This ties in with choosing your wedding style. Your style may determine your venue or you could mix and match. Do you wish for a beach wedding or a 1920's style flapper do? Do you want to say 'I do' at the farm or on the 37th floor of a city skyscraper? By thinking about this you're narrowing down your choices and your style really can help you a great deal. 

2. Do you want extra amenities, or just a blank canvas?

Going along with the “type” of venue, You’ll need to decide on if you want a venue that provides everything, or a venue that just provide a space. I myself prefer a blank space, but that also involves needing several other vendors. There are venues that have different levels of what they offer too- a venue that does everything (planning and flowers included), a hotel that will take care of food and provide you with a room block for guests, or a literal blank space that requires you to bring everything in. It’s all based on what you prefer, so it definitely helps to know beforehand what you’re looking for along the lines of venue amenities.

3. Can you bring in your own suppliers?

Many venues have a preferred supplier list. If you've had your heart set on a certain cake maker but your venue explicitly specifies you must work with their preferred list, you may be a little put out.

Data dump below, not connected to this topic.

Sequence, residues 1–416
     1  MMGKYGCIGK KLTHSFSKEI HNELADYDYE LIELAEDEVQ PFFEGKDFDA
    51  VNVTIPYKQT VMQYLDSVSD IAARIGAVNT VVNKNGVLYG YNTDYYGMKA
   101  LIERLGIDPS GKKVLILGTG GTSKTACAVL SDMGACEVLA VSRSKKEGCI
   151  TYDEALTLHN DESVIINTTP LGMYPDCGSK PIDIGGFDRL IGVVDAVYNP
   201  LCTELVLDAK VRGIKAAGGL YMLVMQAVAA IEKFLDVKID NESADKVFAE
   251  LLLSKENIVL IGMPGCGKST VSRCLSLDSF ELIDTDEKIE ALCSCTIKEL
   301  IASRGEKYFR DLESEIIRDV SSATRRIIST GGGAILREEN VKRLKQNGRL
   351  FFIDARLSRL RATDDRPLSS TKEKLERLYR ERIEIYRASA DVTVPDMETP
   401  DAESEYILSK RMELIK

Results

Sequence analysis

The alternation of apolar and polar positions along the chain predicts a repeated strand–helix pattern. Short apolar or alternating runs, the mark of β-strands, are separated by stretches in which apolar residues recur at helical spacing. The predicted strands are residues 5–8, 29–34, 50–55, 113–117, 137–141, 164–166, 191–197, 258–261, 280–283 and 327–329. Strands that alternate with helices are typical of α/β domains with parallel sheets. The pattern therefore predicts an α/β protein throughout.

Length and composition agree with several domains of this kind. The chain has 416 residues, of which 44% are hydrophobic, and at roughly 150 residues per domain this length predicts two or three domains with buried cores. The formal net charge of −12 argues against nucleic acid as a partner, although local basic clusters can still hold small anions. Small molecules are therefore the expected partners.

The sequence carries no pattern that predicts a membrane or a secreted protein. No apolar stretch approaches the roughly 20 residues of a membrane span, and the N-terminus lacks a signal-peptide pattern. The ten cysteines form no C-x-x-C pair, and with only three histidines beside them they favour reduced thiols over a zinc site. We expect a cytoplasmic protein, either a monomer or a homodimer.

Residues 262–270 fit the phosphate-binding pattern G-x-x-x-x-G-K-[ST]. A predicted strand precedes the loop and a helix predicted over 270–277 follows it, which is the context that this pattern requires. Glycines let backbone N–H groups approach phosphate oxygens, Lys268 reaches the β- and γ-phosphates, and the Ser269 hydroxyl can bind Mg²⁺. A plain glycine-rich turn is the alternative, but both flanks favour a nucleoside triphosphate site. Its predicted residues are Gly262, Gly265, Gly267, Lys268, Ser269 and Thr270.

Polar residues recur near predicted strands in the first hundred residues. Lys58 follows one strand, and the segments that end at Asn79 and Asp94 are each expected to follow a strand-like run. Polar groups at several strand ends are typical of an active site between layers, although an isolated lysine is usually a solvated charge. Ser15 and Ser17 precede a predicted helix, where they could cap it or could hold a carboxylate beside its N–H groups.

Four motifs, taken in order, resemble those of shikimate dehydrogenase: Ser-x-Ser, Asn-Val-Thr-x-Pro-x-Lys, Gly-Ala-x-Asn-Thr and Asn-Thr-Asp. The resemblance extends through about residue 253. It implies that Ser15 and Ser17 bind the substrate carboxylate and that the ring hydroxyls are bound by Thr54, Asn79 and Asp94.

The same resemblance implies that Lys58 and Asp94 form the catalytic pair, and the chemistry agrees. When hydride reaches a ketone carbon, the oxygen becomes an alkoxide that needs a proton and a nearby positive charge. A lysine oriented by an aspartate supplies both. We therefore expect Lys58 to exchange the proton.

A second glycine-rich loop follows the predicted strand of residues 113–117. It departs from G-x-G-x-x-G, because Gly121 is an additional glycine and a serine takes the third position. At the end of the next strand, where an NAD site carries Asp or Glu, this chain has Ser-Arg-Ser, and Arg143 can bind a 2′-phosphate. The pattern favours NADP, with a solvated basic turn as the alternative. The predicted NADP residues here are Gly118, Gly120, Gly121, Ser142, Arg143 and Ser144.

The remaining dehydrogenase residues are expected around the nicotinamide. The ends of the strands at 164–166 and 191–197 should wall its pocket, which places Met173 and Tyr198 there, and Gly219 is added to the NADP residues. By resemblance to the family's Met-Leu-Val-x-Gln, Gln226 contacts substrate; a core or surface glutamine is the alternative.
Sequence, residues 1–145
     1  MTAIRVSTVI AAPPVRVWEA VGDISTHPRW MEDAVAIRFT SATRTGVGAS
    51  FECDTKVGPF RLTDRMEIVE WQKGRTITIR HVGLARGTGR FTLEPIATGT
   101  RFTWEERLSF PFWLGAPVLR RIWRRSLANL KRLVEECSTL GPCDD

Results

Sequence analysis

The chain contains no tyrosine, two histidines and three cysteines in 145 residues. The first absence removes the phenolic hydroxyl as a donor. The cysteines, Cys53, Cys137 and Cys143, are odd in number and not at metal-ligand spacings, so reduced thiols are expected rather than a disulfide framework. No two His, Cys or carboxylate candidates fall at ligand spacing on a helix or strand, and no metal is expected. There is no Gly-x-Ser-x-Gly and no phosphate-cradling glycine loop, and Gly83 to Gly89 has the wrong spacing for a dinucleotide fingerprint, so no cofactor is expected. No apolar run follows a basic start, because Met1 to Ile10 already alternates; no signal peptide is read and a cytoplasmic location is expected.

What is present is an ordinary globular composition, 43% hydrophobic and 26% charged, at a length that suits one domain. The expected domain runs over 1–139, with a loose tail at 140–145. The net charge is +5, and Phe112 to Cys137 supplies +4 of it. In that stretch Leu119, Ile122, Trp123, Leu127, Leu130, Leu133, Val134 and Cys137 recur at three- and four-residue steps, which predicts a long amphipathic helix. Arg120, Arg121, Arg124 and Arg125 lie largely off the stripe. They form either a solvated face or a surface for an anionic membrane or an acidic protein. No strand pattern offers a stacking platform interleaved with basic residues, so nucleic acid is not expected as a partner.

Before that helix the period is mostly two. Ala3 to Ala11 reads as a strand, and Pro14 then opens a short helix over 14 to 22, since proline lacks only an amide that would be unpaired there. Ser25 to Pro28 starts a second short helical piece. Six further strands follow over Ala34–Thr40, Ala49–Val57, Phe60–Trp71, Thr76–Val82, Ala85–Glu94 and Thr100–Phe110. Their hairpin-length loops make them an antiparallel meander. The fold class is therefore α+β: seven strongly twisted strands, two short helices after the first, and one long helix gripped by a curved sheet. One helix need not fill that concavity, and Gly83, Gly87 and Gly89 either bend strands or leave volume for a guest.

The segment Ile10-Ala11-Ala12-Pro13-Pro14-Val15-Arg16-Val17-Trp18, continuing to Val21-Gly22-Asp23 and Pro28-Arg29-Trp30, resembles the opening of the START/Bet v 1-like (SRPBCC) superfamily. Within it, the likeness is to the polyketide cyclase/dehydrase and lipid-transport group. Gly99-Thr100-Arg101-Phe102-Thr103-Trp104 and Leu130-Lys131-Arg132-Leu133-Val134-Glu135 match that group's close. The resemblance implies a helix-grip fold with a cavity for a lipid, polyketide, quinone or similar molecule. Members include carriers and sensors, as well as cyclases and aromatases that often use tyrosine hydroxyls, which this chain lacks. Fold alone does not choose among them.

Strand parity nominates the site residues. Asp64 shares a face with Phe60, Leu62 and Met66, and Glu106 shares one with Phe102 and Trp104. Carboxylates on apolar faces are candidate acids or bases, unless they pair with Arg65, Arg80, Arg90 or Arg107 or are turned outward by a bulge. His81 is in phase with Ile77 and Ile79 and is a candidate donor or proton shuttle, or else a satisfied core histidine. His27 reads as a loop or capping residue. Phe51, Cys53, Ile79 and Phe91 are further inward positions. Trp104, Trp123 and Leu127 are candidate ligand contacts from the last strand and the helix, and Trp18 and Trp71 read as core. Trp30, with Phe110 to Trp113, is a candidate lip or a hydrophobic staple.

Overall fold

I don't agree with forcing couples to choose a supplier that they haven't picked, it seems a little shady, especially when some suppliers may have to be to be on their list. Make sure you discuss this with your venue before you sign any contracts.

4. Is the venue available for your preferred dates?

Now, after you've spent ages narrowing down your list you need contact them right away. It's always wise to visit the venue instead of ringing them. Give them your options and ask if they are available for any of those dates. Venues can book out anywhere up to two years in advance, so if you’re planning your wedding on a shorter timeline, date availability could be a deal-breaker or a deal-maker!

Charlotte x

Image Lawson Photography via Love My Dress

Planning the seating plan without the tears...

Weddingcharlotte twells
Lego cake topper

If like a lot of wedding guests, you grab your drink and potter over to the seating chart, you probably do it on auto pilot. But behind the scenes, a whole lot of work has gone into making sure you're sat with people you know, a few you don't, that your table is positioned adequately and it's in view of the bride and groom.